SHAVING THE CATERPILLAR: Ileana Pașcalău
While exploring the times when the female malady was seen as a curiosity, Ileana Pașcalău's artistic process becomes a commemorative practice, remembering several sick women narratives, whose disease transformed their bodies for more than one century into a field of dehumanizing experiments, done by men in the name of science.
Shaving the Caterpillar unfolds a “hysterical surrealist” universe filled with hyperreal objects, installa- tions and drawings, a witty and wise aesthetization of multiple violent experiments done on a woman’s body in the name of science.
Ileana Pașcalău’s artistic research questions on how sexual difference was constructed move her through the ways the female body was regulated, disciplined and controlled by means of medicine, rather than helped, healed or cured, until the beginning of the 20th century. In the flame of the European Enlightenment, assumptions about the dual nature of everything, including the body and the mind, med- icine’s attempt to “relieve” the pain of mental suffering produced in fact the exact opposite effect, en- hancing trauma and sexual inhibition. Ileana Pașcalău’s work explores parts of the history of the female “deviant,” reworking the objects of male study into transgressive pieces of female desire. The exhibition Shaving the Caterpillar stages a theatricalized museification of the so-called female mystery, stealing and queering some very serious male researchers’ work.
Starting with the renewed interest for women’s anatomy in the 18th century, a time that witnessed the representation of the first female skeleton and too many theories about the dangerous attributes of the uterus, doctors allowed themselves a closer and closer look upon the nature of the “second sex.” Medical concerns, nourished continuously by social anxieties regarding the reproductive responsibilities of women, moved throughout the 19th century beyond bodily afflictions, towards a “hygienics” of the mind. It was a time when medicine was a tool for regulating women’s behavior and controlling their bodies and thoughts. From its first representation in 1796 to the invention of hysteria in the 1880s, the arch of the female spine measured the flexible boundary between observation and imagination in medical research. Ileana Pașcalău appropriates medical observations, confuses and changes them into artistic objects of fantasy, of desire and pleasure. Exaggerated body parts, anatomical absurdities or little mistakes are extracted from the patriarchal pain narratives and transformed into feminist beauty. From gestures to layers, textures, shapes, symbols or the chosen materials ranging from medical sciences to BDSM or other perverse sexualities, Shaving the Caterpillar induces a libidinal space between dark room and torture chamber, softly reminding us why our bodies “are a battleground” (Barbara Kruger). While exploring the times when the female malady was seen as a curiosity, Ileana Pașcalău’s artistic process becomes a commemorative practice, remembering several sick women’s narratives, whose disease transformed their bodies, for more than one century, into a field of dehumanizing experiments, done by men in the name of science. Learning, remembering, unlearning and transforming are tools for a radical encounter with the history of medicine. In Ileana’s words, her work “shall act as forensic instruments meant to reveal new facts in the gynecide that culminated at the dawn of the previous century with the imprison- ment of numerous women in mental asylums.”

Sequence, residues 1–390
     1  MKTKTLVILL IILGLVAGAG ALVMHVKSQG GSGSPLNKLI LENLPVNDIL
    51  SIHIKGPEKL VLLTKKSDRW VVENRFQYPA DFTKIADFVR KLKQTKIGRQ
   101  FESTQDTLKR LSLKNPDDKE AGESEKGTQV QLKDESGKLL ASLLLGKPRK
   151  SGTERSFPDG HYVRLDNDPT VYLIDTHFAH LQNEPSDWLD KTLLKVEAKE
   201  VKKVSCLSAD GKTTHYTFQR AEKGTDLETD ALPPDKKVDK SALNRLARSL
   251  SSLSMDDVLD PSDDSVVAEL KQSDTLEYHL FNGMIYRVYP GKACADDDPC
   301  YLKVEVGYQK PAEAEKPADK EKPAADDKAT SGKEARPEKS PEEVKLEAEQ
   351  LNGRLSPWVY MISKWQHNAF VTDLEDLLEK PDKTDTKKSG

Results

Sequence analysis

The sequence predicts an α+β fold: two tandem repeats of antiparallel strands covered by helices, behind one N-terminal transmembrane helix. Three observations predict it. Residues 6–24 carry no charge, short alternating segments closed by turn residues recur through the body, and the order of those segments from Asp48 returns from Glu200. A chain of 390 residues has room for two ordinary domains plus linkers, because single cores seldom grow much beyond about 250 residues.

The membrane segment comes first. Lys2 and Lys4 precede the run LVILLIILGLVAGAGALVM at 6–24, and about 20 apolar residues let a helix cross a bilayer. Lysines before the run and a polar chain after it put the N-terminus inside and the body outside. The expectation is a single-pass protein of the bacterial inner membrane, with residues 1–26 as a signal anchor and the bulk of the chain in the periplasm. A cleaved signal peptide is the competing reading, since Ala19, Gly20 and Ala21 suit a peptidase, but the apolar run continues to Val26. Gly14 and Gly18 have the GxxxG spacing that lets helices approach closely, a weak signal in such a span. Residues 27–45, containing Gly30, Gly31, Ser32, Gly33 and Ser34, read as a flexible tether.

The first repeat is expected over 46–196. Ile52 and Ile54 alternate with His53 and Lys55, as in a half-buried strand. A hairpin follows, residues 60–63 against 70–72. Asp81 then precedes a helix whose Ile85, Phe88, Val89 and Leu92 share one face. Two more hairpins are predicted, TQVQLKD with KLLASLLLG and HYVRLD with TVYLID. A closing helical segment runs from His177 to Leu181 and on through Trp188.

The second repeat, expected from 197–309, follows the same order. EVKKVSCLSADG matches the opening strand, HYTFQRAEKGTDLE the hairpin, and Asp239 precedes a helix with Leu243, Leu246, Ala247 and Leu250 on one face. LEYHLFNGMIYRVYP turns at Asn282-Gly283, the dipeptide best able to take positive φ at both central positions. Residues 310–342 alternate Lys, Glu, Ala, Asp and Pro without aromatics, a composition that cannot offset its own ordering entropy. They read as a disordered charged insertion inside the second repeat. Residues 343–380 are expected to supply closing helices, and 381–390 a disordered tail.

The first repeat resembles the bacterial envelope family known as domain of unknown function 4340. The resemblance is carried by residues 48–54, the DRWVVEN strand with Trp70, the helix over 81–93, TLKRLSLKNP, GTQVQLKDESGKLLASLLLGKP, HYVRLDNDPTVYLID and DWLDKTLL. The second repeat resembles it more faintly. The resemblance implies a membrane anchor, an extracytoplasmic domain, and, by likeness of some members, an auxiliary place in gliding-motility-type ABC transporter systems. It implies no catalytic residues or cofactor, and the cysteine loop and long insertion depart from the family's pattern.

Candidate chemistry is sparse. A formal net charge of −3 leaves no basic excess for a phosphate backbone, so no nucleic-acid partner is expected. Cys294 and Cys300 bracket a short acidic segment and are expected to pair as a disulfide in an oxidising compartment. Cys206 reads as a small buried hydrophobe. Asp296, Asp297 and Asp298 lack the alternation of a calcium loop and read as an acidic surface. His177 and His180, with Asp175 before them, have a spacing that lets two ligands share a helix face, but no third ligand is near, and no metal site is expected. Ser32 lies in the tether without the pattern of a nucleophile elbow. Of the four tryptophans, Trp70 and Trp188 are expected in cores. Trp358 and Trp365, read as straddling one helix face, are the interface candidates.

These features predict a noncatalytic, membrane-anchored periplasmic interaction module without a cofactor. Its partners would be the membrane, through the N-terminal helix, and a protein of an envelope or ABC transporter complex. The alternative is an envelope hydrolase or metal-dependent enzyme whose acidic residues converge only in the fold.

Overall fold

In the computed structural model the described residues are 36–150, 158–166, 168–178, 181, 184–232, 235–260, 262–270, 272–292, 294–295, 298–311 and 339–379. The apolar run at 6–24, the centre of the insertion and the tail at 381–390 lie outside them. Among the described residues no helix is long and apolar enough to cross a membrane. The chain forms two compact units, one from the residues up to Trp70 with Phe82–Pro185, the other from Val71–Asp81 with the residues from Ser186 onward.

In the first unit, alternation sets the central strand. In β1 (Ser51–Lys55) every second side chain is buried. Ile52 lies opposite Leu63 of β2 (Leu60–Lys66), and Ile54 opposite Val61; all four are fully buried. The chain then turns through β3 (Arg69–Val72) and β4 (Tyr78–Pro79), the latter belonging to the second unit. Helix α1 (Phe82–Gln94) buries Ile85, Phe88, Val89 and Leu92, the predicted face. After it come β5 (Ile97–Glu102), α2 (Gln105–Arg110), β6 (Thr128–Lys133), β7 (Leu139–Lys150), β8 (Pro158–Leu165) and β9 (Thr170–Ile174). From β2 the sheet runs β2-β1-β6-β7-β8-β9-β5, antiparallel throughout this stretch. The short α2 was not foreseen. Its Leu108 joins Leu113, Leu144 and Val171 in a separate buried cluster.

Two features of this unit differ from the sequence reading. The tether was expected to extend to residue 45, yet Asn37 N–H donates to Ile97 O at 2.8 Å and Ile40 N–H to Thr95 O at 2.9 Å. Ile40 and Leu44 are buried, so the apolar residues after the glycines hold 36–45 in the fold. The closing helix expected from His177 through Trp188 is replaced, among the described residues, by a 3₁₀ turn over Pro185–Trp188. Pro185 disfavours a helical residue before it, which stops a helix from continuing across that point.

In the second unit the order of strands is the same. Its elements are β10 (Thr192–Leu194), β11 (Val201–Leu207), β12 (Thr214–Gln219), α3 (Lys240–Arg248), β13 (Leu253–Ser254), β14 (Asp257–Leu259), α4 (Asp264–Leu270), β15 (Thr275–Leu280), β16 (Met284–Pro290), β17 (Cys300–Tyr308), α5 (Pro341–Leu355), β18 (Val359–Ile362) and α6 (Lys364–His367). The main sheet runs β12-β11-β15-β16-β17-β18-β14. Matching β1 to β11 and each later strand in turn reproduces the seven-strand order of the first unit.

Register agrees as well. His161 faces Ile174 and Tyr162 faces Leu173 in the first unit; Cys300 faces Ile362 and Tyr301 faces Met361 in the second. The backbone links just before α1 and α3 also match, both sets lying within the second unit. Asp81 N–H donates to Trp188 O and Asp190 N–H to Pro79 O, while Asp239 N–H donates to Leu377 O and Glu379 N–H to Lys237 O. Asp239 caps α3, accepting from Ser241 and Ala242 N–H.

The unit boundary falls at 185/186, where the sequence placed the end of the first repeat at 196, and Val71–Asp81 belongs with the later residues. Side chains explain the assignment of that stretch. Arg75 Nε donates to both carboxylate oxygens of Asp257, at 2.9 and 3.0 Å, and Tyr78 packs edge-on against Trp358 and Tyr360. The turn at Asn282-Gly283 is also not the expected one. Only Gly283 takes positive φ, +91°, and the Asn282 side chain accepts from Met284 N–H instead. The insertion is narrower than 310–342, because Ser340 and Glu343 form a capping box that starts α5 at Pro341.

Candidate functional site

Valentina Iancu, curator